Thoracic Outlet Syndrome

What is Thoracic Outlet Syndrome?

The thoracic outlet is the area between the base of the neck and armpit through which the blood vessels and nerves pass. Thoracic outlet syndrome (TOS) is a condition that arises from pressure being placed on nerves or blood vessels. Pressure on the blood vessels can result in blood clots in the major veins of the arm. The result is pain in the arm, neck, or shoulder.

TOS is sometimes associated with a congenital abnormality of an extra
rib (or “cervical rib”). There may be a history of a traumatic blow to the shoulder or neck. Poor posture and obesity can also aggravate this condition, which is more common among women than men.

Causes and risk factors for Thoracic Outlet Syndrome

Symptoms of Thoracic Outlet Syndrome

The symptoms of TOS vary depending on whether nerves, arteries, or
veins in the thoracic outlet are compressed.

  • Nerve compression (this accounts for about 95% or TOS cases)
    • arm pain, numbness, and tingling
  • Venous compression (3 to 4 percent of TOS cases)
    • arm pain and swelling.
  • Arterial compression (the rarest type of TOS)
    • hand ischemia (lack of oxygen) – may lead to limb loss

Although symptoms vary depending on whether a nerve or blood vessel has been affected, many times more than one system (nerves, veins, arteries) is involved. Diagnosing TOS can also be difficult since many other conditions cause similar symptoms (for example: carpal tunnel syndrome, shoulder tendonitis, cervical disc disease and fibromyalgia.

Symptoms a health care provider will be looking for include…

  • Reduced pulse in the arm when the arm is held in certain overhead positions or while turning the head far to one side
  • Swelling of the arm
  • Very prominent veins in the arm
  • Discoloration of the fingers
  • Limited range of motion for the arm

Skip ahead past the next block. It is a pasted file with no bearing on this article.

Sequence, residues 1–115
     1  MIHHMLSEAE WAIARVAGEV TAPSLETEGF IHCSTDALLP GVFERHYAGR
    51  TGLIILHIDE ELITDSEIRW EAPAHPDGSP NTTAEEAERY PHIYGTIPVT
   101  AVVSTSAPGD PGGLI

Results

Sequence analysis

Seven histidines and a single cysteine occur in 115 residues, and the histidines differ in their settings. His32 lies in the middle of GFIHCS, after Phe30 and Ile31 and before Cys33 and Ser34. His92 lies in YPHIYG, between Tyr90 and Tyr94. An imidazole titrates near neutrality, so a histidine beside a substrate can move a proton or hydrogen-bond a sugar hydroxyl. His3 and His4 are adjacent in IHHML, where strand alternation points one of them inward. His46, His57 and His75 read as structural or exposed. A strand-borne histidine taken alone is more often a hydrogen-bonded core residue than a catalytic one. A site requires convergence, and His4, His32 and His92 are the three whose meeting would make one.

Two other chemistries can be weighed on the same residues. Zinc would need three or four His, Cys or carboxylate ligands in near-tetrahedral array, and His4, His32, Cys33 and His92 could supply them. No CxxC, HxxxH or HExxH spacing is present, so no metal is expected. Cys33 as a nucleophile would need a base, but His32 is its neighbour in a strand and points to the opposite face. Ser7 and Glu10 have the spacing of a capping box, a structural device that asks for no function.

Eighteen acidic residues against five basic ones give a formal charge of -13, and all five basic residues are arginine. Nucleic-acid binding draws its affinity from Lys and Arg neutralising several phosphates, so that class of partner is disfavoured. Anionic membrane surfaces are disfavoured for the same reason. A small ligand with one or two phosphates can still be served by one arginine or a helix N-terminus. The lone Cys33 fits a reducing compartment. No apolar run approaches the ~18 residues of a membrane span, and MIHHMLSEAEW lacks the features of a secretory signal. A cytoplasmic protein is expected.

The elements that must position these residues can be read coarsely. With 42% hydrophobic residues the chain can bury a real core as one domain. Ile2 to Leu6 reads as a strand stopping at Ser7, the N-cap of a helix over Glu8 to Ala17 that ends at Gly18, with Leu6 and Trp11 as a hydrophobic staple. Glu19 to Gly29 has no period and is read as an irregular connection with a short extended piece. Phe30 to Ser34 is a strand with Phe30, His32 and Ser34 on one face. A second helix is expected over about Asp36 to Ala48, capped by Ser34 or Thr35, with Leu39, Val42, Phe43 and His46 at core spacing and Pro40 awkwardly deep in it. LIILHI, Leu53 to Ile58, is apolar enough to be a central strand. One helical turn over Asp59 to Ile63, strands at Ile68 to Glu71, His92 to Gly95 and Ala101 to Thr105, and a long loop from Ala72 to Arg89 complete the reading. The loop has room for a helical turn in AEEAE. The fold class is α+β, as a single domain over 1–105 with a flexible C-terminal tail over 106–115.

• Reduced ability to feel pinpricks or temperature changes
  • Abnormal blood vessel sounds during a stethoscope examination of the shoulder area

Diagnosing Thoracic Outlet Syndrome

To confirm whether or not a patient has TOS, the following tests may be performed…

Treatment Options

Treatment for TOS depends on the symptoms. If an extra rib is present, or there are problems with arm artery or vein are present, these underlying causes will be treated first, otherwise, the usual first treatment is

  • Physical therapy – to strengthen the muscles supporting the thoracic outlet area

Other treatments might include…

  • Muscle relaxants
  • Nonsteroidal anti-inflammatory drugs (NSAIDs)
  • Application of moist heat
  • Massage
  • Pain relievers
  • Short courses of steroids
  • Lifestyle changes to improve recovery
    • Maintain correct posture while working
    • Take frequent stretch breaks
    • Lose weight if overweight
    • Avoiding carrying heavy bags over the affected shoulder
    • Evaluate and redesign the workplace to make it ergonomically correct
    • Occasionally, occupational change may be needed

In severe cases…

  • TOS decompression surgery – to relieve the source of compression or eliminate scar tissue.

In cases where the TOS is caused by a blood clot…

  • Thrombolysis – removal of a blood clot by administering a clot dissolving medication directly
    into the arm vein

In cases where TOS is caused by a damaged artery…

Our surgeons who treat thoracic outlet syndrome

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